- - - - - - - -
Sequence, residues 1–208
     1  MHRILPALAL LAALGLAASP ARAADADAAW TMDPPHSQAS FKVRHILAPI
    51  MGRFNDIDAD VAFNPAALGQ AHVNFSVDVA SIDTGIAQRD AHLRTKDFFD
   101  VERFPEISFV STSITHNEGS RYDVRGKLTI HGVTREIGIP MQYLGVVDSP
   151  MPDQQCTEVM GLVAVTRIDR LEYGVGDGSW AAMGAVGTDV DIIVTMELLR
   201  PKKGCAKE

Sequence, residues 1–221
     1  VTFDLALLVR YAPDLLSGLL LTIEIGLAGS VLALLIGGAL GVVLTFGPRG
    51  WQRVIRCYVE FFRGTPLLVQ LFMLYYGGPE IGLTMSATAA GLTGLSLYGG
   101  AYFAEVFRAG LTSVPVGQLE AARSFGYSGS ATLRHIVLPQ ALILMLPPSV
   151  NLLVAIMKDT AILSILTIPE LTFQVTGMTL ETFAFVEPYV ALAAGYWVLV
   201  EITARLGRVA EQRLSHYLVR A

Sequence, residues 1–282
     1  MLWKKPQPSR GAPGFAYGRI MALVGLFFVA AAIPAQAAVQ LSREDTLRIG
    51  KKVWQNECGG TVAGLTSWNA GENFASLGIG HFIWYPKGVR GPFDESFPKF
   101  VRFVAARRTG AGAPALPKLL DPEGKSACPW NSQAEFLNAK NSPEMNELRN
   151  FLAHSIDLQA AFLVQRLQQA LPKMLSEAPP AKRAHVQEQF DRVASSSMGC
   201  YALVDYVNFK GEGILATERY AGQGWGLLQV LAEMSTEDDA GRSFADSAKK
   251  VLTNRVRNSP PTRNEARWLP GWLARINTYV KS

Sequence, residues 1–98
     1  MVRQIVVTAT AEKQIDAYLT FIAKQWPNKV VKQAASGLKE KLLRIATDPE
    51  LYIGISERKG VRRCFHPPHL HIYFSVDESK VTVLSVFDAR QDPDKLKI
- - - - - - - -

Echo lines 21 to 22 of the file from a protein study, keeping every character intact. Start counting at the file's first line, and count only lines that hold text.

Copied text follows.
     1  MVRQIVVTAT AEKQIDAYLT FIAKQWPNKV VKQAASGLKE KLLRIATDPE
    51  LYIGISERKG VRRCFHPPHL HIYFSVDESK VTVLSVFDAR QDPDKLKI